Ex-Sunderland flop Jason Steele is Brighton & Hove Albion’s mystery man - best of luck to him
The Seagulls goalkeeper has shone this season, prompting calls for an unexpected international call-up
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I feel like I’m being Punk’d. Like, seriously, is Ashton Kutcher going to jump out and ambush me with a hidden camera crew and a gormless grin plastered across his perfect, perfect face? I almost wish he would. At least then I would have an explanation for this madness.
Earlier in the week, I saw a report claiming that Brighton goalkeeper Jason Steele is being considered for an England call-up. I didn’t so much do a double take at the headline, but rather pinched myself and checked to make sure that nobody had sprinkled the rim of my coffee mug with hardcore psychedelics.
You see, here’s the thing; I’m old enough to remember Steele’s ill-fated stint at Sunderland, when he performed with all the reliability and shot-stopping effectiveness of a malfunctioning hologram. Others may recall a similarly doomed spell with Blackburn Rovers. Both nightmares ended in relegation to League One. The fact that this same goalkeeper - who for many Mackems is whispered about shudderingly with a dread comparable to the Quaver-wristed Lee Camp - is on the cusp of international recognition simply does not compute. Glow ups like this are usually reserved for the final acts of Disney Channel movies in which bookish mathletes are transformed into dazzling prom queens.
Of course, Steele’s sudden acknowledgement is not so sudden at all. After half a decade in the shadowy recesses of the Amex dressing room, he was unexpectedly - and some would argue bafflingly - handed a starting opportunity by incoming manager Roberto De Zerbi over Spanish teammate Robert Sanchez. He has not disappointed since.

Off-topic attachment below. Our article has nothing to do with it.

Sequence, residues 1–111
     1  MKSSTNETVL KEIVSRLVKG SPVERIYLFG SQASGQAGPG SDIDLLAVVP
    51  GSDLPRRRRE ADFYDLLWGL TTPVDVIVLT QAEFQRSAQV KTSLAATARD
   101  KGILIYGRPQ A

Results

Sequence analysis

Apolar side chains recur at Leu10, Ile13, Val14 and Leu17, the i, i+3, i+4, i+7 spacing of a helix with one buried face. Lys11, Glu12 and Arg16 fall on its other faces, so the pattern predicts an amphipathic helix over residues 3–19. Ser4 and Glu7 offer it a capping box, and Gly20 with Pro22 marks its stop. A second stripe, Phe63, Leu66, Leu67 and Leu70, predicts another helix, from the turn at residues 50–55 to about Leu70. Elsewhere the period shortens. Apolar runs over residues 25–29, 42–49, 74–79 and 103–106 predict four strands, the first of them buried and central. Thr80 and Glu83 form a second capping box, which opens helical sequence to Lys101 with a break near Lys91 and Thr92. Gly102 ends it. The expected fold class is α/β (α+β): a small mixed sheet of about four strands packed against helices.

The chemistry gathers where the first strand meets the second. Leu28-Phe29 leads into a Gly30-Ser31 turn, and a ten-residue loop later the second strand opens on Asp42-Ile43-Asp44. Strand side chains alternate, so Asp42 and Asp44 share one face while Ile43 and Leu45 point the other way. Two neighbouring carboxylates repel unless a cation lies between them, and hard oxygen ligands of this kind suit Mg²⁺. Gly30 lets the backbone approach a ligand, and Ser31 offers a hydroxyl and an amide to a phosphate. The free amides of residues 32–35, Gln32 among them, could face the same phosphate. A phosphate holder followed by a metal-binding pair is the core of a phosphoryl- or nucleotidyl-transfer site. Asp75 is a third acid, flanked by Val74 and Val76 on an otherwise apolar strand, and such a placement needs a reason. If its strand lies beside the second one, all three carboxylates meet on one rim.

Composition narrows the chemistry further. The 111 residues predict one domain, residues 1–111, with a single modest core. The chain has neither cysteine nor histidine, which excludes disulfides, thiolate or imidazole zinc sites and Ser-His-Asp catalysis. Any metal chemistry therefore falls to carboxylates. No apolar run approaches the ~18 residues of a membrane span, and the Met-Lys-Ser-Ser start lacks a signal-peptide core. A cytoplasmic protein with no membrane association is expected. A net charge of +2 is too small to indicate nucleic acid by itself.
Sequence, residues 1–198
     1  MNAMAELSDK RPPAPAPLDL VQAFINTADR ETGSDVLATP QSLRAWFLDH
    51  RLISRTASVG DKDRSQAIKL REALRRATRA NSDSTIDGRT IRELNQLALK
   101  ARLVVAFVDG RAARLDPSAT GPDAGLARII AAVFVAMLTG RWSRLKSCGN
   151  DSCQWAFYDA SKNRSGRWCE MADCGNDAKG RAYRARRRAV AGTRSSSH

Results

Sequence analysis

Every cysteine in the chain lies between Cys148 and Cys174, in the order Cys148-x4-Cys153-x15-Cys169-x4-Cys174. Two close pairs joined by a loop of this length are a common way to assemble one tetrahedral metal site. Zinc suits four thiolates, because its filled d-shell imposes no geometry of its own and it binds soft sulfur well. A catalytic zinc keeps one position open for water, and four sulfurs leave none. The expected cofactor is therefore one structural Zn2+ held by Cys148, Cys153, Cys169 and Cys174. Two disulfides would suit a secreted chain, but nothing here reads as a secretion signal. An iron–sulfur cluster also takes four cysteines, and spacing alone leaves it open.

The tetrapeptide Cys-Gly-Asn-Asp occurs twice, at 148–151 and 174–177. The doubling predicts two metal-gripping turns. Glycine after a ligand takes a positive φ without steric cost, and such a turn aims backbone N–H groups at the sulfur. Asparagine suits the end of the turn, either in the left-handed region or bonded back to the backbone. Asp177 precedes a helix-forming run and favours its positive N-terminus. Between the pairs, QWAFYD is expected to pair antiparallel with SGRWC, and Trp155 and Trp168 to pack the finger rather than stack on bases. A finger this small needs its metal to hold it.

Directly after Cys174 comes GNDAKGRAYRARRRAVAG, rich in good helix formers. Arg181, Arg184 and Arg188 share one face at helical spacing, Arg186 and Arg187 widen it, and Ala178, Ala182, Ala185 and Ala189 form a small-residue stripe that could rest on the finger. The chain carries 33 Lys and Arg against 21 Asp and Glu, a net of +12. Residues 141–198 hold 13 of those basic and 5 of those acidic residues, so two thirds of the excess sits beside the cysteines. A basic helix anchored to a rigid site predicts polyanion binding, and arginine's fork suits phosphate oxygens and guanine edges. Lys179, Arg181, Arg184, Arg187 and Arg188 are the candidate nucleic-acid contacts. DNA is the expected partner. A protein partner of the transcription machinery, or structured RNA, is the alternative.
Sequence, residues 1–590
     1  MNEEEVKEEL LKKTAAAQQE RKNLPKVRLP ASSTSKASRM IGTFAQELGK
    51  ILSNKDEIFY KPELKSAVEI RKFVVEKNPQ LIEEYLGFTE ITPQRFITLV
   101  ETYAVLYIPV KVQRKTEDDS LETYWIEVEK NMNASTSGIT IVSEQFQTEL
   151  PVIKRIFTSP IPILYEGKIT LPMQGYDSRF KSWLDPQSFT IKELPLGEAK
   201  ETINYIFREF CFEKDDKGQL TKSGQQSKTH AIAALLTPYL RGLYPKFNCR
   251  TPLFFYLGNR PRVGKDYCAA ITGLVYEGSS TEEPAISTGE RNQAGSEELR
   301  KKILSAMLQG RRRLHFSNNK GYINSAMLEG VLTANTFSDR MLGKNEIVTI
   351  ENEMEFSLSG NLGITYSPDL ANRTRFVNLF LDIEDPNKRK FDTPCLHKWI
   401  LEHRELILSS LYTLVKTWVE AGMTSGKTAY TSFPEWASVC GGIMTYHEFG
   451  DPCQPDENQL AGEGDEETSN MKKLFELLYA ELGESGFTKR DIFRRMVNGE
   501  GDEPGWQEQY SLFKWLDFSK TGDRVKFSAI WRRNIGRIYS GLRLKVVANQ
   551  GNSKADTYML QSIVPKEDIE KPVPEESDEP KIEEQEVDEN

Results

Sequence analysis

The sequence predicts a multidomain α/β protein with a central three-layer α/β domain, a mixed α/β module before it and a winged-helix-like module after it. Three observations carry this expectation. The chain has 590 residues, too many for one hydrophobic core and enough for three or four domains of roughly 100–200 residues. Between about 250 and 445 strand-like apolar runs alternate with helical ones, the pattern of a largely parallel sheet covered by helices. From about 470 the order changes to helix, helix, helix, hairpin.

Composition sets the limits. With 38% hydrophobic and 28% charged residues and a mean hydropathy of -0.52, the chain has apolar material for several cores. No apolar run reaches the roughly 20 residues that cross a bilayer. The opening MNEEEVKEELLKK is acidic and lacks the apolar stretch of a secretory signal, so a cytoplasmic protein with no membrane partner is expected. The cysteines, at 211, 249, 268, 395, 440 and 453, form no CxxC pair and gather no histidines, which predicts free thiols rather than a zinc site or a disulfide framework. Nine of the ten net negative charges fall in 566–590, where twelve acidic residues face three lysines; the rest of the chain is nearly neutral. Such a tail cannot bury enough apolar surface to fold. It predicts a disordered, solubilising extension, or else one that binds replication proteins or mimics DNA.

From the cluster of Premier League goalkeepers who have made 10 or more appearances in the division this season, Steele is the seventh-highest rated, according to stats gurus Whoscored, and the highest rated Englishman. He also holds the distinction of making more short passes per 90 minutes than any other goalkeeper in the league, and averages the eighth most saves from shots taken inside his penalty area per game too. In short, he is being lauded on merit.
And y’know what, good on him. At 32, most people - myself included - had written Steele off as a perpetual understudy; a Carabao Cup darling, a glorified training cone for the purposes of intricate shooting drills. You sense that the player himself might have had his doubts as well.
In a recent interview with BBC Sport, Steele spoke frankly of how he had grown to ‘hate’ football, and about the negative effects that a barrage of online abuse has had on him in years gone by. Some would have crumbled under that kind of strain, or at the very least grown apathetic. But he has not.
Instead, he has been patient, been professional, and has seized his chance with the kind of sure-handedness that many didn’t believe he possessed. Quite how he has enacted this epiphanic change in his game remains, in my mind at least, something of a writhing mystery, but the simple fact of the matter is that he has - and best of luck to him. If nothing else, let Steele be a lesson to all of us that it is never too late to come good.